Here is an interesting article about the michigan economy.
Michigan economy is proving skeptics (like me) wrong (Rick Haglund column)
Published: Sunday, January 29, 2012, 7:00 AM Updated: Sunday, January 29, 2012, 8:54 AM
Michigan’s economy is rapidly improving, threatening to prove those who were skeptical about the state’s prospects wrong. That would include yours truly.
The state’s economic pillars might just be “built to last,” to steal a phrase from President Barack Obama. Michigan’s December jobless rate of 9.3 percent fell 1.8 percentage points from December 2010, tying West Virginia for the fourth-biggest decline among the states. Michigan added a seasonally adjusted 66,500 jobs last year, more than all but five other states: California, Texas, Florida, New York and Ohio, according to a Bureau of Labor Statistics report released Tuesday.
Jobs holding up
The state’s December jobless rate also was 1.1 percentage points below the 10.4 percent average rate that U-M economists George Fulton, Joan Crary and Don Grimes forecast in November.
Jobs held up much better than we anticipated in the final three months of the year, Grimes said.
A big part of that is the resurgence in manufacturing, led by Chrysler, Ford and General Motors.
The state added 26,400 manufacturing jobs last year, the second-highest number in the past 20 years, said state labor market analyst Wayne Rourke. “It wasn’t just autos,” Grimes said. “Job growth was much more broad-based last year.” Nearly every employment category in the state posted jobs gains.
Only government, and leisure and hospitality services shed jobs last year. Michigan also ranked 13th and the highest in the Great Lakes region in personal income growth between the second and third quarters of 2011, according to the latest Bureau of Economic Analysis statistics.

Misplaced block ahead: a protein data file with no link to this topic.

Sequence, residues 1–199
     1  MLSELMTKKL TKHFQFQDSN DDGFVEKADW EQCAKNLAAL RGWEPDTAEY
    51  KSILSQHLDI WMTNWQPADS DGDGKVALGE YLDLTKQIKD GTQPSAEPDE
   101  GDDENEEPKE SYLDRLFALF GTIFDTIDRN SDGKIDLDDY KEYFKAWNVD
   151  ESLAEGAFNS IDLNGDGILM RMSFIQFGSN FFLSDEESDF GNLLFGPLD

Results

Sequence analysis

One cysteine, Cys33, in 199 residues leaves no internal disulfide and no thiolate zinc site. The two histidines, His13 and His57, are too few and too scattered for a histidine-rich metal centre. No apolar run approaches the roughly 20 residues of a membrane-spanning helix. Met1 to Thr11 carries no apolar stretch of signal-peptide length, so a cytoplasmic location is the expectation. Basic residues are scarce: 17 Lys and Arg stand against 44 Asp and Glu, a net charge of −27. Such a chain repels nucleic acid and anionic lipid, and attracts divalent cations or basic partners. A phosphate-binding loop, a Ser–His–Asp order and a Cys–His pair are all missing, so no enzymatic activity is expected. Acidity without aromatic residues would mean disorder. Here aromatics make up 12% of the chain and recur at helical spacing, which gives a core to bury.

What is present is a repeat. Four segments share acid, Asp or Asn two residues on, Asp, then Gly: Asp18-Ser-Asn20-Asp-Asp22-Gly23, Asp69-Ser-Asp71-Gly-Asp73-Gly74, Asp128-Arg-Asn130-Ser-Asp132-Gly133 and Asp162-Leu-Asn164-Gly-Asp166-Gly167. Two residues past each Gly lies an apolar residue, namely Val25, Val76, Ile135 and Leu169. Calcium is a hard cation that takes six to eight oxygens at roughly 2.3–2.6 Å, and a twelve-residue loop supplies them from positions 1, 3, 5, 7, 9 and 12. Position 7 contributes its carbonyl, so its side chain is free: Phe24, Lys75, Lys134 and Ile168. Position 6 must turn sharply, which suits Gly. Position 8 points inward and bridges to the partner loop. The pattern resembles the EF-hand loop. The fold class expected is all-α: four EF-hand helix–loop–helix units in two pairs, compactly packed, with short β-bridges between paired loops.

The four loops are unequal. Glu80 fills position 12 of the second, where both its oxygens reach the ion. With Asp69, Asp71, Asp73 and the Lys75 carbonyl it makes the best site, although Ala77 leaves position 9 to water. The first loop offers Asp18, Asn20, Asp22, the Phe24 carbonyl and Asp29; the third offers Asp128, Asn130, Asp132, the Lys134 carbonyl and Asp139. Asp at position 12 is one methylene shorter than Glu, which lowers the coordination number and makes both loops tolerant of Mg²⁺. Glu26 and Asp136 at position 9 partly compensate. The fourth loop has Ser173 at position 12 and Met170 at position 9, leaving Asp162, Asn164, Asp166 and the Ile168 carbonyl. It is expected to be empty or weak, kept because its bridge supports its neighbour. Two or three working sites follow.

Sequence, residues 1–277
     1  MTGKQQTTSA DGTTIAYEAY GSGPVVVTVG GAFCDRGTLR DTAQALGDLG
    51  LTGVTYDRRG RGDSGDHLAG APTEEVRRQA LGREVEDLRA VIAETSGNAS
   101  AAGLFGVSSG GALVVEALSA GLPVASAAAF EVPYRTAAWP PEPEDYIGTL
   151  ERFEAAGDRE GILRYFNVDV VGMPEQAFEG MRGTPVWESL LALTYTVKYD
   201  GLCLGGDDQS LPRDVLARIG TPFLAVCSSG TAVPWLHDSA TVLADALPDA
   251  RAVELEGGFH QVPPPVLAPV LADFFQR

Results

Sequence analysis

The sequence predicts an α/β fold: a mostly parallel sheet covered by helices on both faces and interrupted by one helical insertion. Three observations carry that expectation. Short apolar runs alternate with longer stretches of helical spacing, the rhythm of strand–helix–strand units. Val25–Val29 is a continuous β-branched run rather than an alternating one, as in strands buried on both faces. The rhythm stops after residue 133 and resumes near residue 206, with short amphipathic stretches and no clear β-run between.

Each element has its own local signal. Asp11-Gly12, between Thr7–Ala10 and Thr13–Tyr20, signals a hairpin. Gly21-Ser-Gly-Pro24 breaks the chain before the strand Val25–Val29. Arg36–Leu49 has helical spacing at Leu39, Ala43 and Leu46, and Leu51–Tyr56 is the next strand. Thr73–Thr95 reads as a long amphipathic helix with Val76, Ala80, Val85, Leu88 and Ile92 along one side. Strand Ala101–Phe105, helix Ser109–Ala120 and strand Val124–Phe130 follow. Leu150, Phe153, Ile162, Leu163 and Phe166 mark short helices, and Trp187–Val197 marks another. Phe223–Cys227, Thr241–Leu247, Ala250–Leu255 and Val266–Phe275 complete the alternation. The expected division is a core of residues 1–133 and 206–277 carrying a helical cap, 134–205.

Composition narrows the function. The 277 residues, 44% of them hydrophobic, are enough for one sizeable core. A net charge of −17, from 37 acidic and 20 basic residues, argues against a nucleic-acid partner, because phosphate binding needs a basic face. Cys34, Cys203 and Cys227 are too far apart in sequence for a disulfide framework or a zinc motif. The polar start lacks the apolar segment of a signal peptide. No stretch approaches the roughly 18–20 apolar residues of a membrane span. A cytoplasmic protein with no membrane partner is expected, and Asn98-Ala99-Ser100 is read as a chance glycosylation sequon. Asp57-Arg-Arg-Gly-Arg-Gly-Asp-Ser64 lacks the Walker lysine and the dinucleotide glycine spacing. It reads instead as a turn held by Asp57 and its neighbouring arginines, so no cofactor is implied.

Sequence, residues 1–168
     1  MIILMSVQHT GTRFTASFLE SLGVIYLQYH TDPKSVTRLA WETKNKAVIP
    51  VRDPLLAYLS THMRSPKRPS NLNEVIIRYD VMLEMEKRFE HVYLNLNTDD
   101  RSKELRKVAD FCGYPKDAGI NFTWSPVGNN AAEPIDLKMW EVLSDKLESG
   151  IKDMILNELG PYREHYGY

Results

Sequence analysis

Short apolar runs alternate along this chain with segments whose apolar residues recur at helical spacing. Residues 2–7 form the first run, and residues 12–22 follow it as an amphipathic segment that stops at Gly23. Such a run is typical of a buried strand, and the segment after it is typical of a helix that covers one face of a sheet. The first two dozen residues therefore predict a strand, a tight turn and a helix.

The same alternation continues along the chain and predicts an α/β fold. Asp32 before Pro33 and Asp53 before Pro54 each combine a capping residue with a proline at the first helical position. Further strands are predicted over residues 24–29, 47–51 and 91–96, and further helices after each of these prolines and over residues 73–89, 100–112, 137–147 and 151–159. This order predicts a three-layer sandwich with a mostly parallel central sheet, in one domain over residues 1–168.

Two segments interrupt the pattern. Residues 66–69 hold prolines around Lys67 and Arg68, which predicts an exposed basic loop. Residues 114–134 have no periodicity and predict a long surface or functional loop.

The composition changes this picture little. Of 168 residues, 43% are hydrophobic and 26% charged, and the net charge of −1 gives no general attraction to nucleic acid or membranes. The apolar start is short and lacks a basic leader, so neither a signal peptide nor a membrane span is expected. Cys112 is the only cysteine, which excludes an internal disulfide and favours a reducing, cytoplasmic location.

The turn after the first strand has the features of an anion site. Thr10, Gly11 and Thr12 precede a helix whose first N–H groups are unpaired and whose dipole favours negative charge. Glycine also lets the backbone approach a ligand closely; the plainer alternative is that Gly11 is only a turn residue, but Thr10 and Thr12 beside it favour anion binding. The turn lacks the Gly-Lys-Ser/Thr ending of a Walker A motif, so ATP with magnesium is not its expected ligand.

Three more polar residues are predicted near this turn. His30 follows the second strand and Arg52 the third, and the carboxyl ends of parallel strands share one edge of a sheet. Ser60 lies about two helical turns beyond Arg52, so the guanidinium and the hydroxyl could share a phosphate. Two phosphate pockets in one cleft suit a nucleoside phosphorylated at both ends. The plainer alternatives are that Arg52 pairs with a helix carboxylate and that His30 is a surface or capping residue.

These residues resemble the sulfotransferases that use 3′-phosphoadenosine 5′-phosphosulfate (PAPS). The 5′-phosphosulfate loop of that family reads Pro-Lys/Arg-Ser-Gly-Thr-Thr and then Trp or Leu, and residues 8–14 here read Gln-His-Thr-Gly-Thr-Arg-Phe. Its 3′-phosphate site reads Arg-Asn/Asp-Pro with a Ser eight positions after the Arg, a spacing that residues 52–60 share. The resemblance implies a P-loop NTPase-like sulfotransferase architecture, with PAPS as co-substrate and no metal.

Still need to create more
The key to continued economic growth will be creating more jobs for those who have given up hope of finding one. Michigan’s labor force shrank by 100,000 people last year as people moved, died, retired or stopped looking for work. State labor market officials said in December’s jobs report that Michigan’s labor market has been shrinking since 2006. It’s a similar story for the nation as a whole, for reasons economists can’t fully explain. The size of the U.S. labor force has been stuck at 153 million people for five years. That’s the biggest mystery out there, Grimes said. It’s never happened like this before. He speculates that many factors are at work, including retiring baby boomers, students staying at college rather than looking for work and a whole lot of discouraged workers dropping out of the labor force. But a report released last week by Business Leaders for Michigan said the state can continue its jobs momentum by building on its core strengths, including engineering, auto manufacturing and life sciences. Michigan also must boost investment in higher education and revitalize its cities, the report released Tuesday said. Doing so could create as many as 500,000 jobs and additional per-capita income of $18,000 a year by 2020, according the business group. Those projections generate renewed hope for Michigan’s economic future.
E-mail Rick Haglund: email@example.com
© 2012 MLive.com. All rights reserved.
Whether or not Mr. Haglund is correct, only time will tell. However, I get the feeling that things may be changing around Michigan. Let's hope so.